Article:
The prevalence of obesity is increasing worldwide, which indicates that the primary cause of obesity lies in environmental and behavioural changes rather than in genetic modifications. Among the environmental influences, the percentage of fat energy of the everyday diet and the lack of physical activity are two important factors, which contribute to explain the rising prevalence of obesity. In this review, several lines of evidence are presented to illustrate why dietary fat does affect obesity development. There are four factors which support a link between dietary fat and obesity development:
The thermic effect of nutrients, expressed as percentage of their energy content, is 2–3% for lipids, 6–8% for carbohydrates and 25–30% for proteins. This means that the efficiency of nutrient utilization (calculated as 100%—the thermic effect of the nutrient) is higher for fat than for carbohydrate or protein.
Postingestive fuel selection favours the oxidation of dietary proteins and carbohydrates, whereas dietary fats are preferentially stored as triacylglycerol in adipose tissue. Alcohol, by inhibiting lipid oxidation, indirectly favours the storage of dietary fats.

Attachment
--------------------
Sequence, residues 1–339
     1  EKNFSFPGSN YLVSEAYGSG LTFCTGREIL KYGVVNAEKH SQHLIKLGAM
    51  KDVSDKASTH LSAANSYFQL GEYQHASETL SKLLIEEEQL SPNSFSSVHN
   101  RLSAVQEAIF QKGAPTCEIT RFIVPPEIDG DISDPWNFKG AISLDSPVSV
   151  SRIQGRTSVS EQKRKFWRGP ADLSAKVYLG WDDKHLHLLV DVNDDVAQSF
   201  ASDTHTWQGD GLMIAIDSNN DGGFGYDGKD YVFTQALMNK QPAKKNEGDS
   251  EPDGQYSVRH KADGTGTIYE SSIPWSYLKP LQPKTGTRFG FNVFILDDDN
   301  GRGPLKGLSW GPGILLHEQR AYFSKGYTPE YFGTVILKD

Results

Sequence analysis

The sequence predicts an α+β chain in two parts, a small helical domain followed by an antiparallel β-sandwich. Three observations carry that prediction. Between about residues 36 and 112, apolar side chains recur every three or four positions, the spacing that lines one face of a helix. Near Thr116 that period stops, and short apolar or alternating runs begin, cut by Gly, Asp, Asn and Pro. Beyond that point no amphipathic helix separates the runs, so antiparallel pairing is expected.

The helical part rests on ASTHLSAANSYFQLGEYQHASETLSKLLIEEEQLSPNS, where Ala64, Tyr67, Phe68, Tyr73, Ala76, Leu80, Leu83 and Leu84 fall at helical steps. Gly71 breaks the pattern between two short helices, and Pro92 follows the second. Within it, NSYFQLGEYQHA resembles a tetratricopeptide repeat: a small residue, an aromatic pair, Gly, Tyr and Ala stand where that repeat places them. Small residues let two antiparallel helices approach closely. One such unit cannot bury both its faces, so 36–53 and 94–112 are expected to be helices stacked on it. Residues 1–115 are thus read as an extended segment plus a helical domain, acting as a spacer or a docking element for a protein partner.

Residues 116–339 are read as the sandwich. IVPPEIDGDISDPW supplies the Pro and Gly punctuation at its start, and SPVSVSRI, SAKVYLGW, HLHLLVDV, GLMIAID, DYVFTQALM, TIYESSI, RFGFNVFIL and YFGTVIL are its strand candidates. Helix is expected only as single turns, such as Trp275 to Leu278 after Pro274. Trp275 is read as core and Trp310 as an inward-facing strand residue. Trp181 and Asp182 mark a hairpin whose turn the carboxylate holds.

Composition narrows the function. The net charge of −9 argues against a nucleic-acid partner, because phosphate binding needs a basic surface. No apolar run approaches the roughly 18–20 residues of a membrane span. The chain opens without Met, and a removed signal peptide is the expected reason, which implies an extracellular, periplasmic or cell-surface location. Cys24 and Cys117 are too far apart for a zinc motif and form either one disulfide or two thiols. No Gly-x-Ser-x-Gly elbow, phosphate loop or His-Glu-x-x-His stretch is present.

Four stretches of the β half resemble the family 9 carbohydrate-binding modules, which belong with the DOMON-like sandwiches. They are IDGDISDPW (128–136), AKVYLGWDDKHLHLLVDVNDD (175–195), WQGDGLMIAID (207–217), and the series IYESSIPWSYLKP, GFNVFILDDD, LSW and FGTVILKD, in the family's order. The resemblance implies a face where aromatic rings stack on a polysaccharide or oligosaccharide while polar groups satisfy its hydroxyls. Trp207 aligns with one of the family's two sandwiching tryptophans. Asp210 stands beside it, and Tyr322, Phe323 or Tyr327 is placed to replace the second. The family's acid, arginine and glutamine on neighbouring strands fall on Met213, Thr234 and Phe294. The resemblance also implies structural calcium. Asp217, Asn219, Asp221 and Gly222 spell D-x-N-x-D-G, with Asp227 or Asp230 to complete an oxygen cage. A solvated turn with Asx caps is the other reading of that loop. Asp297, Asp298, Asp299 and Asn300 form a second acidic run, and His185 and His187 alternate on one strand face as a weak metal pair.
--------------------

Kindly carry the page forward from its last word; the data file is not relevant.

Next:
High-fat diet promotes excessive energy intake by passive overconsumption; the fat-induced appetite control signals are too weak or too delayed to prevent excessive energy intake from a fatty meal.
The only proof that dietary fats contribute to weight gain is to test the long-term effect of ad libitum low-fat diets. Most studies on low-fat diets show that they induce a modest weight loss in obese individuals, but their long-term effect from a public health perspective is limited, probably due to a low compliance to the dietary advice.
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Jéquier, E. Pathways to obesity. Int J Obes 26, S12–S17 (2002). https://doi.org/10.1038/sj.ijo.0802123
- nutrient-induced thermogenesis
- nutrient partitioning
- nutrient-induced satiety
- low-fat diets
- body weight regulation
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